Keith SchlosserLeading up to Thursday night’s NBA Draft, the Knicks were reportedly looking to entice opposing teams to toss a first-rounder their way. In return, New York was dangling the recently acquired guard Shane Larkin.
The 21-year-old’s rookie campaign was slowed by a devastating ankle injury suffered prior to Summer League last offseason. From there, he struggled to find a groove and come into his own with few minutes coming his way in Dallas.
Despite limited action last season, Larkin still has a potentially bright future ahead of him. He was a collegiate stud at Miami, and could prove worthy of eating up some minutes at point guard in the Knicks’ rotation this coming season.
And though he failed to make his mark in The Association this past year, Larkin still managed to turn a few heads anyway. While on D-League assignment with the Mavericks-affiliated Texas Legends, opposing coaches made note of Larkin’s ability to look like a man amongst boys.
“He’s an athletic guard who was really running the team. He did a great job of getting them into their stuff,” Los Angeles D-Fenders head coach Bob MacKinnon told The Knicks Blog and SNY.tv. “After we played him, I saw Shane as a guy with, in my mind, a ten to twelve year future in the NBA.”
Coach MacKinnon added, “This was just from him being on assignment. He didn’t even have a lot of time to play with that team, but still did a great job of running their [offense]. He scored when he had opportunities, but didn’t dominate the shots. I thought he was a very efficient point guard.”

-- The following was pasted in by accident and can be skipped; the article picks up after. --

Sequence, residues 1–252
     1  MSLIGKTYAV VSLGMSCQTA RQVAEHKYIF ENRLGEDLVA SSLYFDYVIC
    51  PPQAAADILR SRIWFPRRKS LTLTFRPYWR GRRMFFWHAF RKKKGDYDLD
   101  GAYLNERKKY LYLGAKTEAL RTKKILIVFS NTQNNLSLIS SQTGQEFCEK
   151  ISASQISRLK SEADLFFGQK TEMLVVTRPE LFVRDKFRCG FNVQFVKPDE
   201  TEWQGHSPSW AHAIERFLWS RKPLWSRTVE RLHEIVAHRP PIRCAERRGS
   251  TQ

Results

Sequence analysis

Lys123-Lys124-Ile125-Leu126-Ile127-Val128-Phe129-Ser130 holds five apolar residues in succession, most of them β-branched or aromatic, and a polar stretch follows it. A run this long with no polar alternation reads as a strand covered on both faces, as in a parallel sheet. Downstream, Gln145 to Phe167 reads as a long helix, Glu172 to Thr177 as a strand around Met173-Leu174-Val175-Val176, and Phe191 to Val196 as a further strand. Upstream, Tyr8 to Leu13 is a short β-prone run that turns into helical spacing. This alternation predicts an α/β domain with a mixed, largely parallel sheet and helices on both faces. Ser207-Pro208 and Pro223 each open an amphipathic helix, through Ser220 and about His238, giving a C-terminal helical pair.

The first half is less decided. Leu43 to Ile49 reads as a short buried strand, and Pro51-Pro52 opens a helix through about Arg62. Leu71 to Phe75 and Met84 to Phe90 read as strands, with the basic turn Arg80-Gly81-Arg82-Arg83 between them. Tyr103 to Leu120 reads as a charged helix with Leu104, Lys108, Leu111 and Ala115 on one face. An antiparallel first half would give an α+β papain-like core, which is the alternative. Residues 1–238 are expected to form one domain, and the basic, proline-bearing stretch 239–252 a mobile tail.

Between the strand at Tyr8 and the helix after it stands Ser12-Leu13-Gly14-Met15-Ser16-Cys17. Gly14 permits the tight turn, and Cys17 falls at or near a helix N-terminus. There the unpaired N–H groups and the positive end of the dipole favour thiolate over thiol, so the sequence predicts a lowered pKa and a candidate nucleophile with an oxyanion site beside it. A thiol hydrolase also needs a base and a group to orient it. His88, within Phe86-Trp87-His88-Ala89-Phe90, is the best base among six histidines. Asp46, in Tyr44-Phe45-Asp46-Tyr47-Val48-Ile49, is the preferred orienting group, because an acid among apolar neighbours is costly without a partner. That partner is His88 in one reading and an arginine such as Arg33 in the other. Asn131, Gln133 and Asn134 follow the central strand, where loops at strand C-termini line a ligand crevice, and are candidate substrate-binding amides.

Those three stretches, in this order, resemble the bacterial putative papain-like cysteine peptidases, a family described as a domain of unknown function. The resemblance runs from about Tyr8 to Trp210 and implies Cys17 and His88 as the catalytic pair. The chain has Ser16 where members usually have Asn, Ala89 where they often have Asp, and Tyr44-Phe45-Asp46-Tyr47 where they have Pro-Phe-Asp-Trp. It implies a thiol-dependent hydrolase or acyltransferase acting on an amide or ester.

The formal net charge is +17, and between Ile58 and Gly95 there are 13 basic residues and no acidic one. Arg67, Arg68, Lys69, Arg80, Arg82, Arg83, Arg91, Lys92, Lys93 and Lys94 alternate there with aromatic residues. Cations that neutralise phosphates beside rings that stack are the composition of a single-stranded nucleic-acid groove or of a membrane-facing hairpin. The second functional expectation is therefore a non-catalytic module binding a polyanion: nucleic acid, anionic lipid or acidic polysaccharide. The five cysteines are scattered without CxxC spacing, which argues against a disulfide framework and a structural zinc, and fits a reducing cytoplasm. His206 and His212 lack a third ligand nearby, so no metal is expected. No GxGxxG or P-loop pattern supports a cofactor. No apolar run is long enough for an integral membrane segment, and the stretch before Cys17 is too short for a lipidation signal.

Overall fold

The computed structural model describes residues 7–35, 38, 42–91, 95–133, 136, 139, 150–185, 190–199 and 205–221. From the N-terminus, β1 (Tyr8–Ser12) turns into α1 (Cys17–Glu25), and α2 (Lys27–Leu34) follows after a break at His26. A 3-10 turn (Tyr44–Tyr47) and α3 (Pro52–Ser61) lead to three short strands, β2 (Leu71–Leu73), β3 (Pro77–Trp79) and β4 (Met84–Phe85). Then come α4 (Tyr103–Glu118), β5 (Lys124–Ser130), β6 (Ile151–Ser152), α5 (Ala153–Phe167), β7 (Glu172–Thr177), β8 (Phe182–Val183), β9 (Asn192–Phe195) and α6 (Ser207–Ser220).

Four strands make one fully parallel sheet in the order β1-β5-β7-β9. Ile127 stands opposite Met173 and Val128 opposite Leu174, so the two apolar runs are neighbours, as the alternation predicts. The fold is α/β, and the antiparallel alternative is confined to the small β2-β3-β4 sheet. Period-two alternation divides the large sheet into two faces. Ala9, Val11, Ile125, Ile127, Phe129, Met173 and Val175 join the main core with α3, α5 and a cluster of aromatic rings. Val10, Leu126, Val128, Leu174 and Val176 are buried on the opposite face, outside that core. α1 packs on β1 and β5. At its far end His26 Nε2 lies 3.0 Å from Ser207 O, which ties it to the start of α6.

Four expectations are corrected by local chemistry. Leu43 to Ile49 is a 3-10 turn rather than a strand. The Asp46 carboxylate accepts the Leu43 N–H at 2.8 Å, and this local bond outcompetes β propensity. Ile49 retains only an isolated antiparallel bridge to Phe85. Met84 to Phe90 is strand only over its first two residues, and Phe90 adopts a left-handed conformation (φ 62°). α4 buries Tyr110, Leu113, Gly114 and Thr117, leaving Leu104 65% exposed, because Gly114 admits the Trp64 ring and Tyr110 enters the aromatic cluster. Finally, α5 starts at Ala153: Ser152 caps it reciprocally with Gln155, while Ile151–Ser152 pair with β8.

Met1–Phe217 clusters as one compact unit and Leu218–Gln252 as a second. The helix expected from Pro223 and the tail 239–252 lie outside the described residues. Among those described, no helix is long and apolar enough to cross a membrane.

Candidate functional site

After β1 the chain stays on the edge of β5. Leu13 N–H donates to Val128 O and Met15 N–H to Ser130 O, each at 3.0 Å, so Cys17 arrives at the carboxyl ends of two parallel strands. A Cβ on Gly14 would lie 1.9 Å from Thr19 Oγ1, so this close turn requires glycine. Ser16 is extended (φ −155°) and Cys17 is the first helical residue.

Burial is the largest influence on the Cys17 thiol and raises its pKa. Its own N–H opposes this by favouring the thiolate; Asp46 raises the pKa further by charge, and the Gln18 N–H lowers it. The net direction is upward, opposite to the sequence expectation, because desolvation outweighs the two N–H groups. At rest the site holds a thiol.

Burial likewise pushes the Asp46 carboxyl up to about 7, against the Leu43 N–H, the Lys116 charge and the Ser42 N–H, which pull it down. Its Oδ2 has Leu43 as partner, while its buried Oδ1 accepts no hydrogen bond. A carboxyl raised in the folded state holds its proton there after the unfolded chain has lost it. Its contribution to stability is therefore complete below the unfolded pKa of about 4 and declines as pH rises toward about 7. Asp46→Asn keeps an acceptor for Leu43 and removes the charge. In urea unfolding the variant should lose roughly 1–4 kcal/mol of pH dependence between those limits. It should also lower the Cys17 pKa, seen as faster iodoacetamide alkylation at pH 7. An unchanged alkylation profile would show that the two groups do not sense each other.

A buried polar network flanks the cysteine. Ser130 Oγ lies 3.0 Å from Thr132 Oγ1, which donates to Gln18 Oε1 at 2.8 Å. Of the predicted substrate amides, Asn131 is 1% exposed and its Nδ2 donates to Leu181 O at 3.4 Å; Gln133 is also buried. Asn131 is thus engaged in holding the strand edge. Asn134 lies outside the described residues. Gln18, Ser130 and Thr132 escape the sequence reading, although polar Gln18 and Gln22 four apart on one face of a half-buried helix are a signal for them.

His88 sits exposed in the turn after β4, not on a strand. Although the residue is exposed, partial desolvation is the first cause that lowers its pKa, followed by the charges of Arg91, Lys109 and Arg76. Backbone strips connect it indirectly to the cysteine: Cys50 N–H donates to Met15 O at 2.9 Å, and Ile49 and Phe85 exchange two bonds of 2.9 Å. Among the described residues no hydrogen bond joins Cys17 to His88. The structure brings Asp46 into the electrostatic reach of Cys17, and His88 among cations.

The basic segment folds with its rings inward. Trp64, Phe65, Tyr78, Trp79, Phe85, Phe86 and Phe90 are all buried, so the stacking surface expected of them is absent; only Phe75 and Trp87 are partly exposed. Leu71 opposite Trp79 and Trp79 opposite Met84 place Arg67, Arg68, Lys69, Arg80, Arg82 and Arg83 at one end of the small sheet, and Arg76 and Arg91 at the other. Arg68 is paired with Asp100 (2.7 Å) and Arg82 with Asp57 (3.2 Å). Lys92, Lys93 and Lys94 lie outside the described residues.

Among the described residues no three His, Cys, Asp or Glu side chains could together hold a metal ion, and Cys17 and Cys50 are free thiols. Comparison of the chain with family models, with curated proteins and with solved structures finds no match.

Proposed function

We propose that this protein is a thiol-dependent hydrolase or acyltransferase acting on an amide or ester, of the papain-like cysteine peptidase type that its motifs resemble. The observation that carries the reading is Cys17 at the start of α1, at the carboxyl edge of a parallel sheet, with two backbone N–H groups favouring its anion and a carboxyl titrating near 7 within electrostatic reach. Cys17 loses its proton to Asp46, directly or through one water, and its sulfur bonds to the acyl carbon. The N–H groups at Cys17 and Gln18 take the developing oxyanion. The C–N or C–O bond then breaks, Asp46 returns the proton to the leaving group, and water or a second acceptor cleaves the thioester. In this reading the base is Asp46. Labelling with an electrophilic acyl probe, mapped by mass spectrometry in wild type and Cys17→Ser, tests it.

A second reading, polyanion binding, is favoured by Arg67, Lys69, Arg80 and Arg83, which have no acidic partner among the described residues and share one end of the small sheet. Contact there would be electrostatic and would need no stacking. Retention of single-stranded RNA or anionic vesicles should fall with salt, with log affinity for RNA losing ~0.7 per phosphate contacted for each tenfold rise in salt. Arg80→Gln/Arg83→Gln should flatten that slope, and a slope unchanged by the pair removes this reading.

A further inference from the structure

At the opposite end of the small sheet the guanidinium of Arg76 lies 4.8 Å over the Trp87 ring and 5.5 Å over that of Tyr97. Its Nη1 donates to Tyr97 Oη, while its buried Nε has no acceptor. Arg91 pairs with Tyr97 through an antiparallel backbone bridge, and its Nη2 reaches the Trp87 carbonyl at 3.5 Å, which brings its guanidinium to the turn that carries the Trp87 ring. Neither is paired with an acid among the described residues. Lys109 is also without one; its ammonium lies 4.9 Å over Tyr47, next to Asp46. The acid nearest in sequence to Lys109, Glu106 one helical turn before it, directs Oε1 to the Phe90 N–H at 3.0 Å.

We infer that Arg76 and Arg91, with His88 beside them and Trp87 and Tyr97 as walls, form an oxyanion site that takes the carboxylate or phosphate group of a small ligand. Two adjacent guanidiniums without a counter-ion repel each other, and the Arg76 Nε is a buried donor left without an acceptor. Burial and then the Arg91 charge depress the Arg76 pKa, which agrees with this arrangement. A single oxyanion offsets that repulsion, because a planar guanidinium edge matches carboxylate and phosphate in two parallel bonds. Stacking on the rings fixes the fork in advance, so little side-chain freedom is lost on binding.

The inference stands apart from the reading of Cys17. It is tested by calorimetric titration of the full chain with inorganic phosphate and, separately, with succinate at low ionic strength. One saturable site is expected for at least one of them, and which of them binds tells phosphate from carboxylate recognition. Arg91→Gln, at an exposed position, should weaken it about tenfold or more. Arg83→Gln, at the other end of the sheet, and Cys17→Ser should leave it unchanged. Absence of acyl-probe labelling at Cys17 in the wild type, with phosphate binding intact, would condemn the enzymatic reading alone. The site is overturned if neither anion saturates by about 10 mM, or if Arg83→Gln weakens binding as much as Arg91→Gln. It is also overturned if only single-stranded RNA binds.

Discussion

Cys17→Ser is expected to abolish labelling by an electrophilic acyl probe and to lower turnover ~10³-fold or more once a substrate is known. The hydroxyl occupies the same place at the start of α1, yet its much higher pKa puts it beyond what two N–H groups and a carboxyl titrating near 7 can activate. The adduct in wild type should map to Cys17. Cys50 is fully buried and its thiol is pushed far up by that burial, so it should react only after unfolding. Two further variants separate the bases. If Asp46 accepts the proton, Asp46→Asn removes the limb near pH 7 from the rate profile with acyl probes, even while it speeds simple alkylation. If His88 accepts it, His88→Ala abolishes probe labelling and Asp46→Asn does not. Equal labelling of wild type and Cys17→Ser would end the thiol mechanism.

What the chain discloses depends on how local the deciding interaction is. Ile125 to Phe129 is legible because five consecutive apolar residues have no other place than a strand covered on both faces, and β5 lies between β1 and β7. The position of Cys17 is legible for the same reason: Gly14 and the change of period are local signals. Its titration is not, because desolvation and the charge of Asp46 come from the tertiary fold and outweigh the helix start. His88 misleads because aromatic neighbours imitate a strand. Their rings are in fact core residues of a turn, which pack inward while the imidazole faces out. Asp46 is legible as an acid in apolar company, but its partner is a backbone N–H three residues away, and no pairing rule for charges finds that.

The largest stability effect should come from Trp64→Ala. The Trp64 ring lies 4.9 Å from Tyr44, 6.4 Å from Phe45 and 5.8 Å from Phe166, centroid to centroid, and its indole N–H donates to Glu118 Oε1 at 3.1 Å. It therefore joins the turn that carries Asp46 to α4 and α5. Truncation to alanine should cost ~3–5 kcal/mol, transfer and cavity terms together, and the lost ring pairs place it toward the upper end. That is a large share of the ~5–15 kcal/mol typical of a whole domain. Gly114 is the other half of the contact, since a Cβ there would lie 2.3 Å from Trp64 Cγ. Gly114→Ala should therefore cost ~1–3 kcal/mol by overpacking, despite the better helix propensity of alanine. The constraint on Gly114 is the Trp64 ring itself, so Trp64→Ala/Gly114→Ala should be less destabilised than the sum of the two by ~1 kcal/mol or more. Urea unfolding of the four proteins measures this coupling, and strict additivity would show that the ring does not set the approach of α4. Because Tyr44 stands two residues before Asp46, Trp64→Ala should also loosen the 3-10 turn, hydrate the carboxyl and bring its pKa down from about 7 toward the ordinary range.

Being able to succeed without much time to get very acclimated with one’s teammates further suggests Larkin has steady instincts and knows how to lead.
The Knicks are in a transitional period where assets such as picks and young players on cheaper contracts are all the more valuable. And although the team failed to flip Larkin for a first-round pick on Thursday night, perhaps the youngster can add just as much value in the form of potential contributions on the court, if given the chance. Having been selected eighteenth overall in last year’s draft, one has to wonder how many players (point guards especially) from this year’s draft class should be considered more talented than Larkin?
Putting it simply, Coach MacKinnon asserted, “I think what the Knicks did there is acquire a first-round talent.”
Someone with a special eye for young talent, Coach MacKinnon is not only head coach of the Lakers’ minor league affiliate, but also the program director for the D-League’s elite mini-camp and annual national tryouts.